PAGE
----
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How to figure out and pursue a more lucrative career past age 30?
July 23, 2014 7:04 PM   Subscribe

I have realized that my career path is not going to offer the compensation or growth potential I would like. I need to pivot. How can I identify an more lucrative career path and the steps necessary both to train and to break into said path?

I chose the non-profit career path. As an idealistic 20-something this seemed like a wonderful career choice. Income mattered less than "doing good". As the financial realities of adult life set in later I quickly realized that this was a poor choice. Supporting yourself is one thing, but looking to a family and future retirement the amount I am making will not be enough. Further, the field I am in lends itself to an extremely flat organizational structure, which means advancement is extremely unlikely. Long story short, this field is for the very young or those who are otherwise being supported. I think my skills (grant development and grant administration) are pretty inapplicable to anything else, but I maybe wrong.

I need to find a different career, and I no longer care about deriving fulfillment from my profession. I have no real idea how to go about this. I have a vague understanding that I need to identify skills currently in demand, build said skills, then begin to market myself. I need to know the practical step necessary to do these things, with the caveats that I am already over thirty and cannot quit my job to train and network until another opportunity is secured (unless I could find someone else to pay my bills). Also, my network is pretty much completely comprised of nonprofit contacts with no more money to offer than I am currently pulling.

To those who have does a professional 180 past age thirty (without falling into it from an offer from a contact), how did you do it? How did you determine where the money and demand were? How did you balance building your new skills and maintaining your current employment?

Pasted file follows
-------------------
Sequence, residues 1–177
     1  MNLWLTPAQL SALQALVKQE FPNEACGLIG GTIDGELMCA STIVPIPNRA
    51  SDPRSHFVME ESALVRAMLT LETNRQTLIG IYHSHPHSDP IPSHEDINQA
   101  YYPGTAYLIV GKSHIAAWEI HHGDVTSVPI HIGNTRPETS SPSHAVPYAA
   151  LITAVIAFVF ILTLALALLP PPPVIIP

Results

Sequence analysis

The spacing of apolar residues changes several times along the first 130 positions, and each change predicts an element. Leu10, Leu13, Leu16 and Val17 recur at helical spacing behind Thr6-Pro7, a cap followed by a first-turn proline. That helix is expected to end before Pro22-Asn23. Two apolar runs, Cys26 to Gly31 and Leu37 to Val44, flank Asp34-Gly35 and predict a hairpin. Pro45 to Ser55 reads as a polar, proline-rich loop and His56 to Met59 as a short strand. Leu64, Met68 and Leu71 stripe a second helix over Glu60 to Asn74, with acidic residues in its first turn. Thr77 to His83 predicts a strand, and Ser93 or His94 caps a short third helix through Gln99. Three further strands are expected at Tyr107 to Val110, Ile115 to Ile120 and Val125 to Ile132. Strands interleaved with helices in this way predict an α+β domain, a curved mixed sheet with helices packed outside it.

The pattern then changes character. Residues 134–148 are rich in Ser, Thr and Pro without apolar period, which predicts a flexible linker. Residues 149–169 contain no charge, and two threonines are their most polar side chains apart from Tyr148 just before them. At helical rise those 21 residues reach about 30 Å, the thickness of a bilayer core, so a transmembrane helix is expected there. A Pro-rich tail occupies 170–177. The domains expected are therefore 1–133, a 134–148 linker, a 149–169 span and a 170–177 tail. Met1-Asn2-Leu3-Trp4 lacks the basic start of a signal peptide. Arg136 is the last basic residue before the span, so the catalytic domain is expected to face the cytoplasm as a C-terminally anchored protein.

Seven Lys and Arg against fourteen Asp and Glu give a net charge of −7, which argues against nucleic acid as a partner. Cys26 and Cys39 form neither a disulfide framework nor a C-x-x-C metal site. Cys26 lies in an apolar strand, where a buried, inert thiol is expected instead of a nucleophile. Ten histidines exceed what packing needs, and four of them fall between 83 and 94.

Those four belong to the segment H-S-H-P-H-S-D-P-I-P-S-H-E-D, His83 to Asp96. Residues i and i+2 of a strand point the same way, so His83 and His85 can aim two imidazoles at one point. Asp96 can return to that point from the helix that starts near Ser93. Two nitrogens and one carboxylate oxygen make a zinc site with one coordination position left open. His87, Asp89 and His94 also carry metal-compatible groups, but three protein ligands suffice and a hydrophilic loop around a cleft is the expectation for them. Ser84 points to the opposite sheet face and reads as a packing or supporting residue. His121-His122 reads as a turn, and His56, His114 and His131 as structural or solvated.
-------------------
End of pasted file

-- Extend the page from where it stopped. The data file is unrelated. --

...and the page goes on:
posted by anonymous to Work & Money (13 answers total) 27 users marked this as a favorite
 
I moved from the non-profit world into a government job. The agency I work for has a grants department and they are very well compensated. So I think your skills would make a direct transfer to a public agency.

Another related area would be companies that cater to government agencies doing consulting. For instance, we bring in outside experts when we have an art project because art funding and the execution of a public art piece is very specialized.
posted by agatha_magatha at 7:19 PM on July 23 [3 favorites]


There are for-profit businesses that cater to non-profits, and they don't necessarily have the same baggage that non-profits have (the flat structure, the limited salary ranges). I'm thinking about consulting firms in particular. Would that be a good interim step? Lots of them love folks who have non-profit experience.
posted by potsmokinghippieoverlord at 7:49 PM on July 23


Hi. I'm a 30+ idealist who is looking at my sorry state of long-term financial planning and feeling you. I don't have the advice of someone who's been there, but what's working for me now is joining industry groups and going to their networking meetings. Get on a few mailing lists. Reach out to people beyond your non-profit bubble to make some new connections.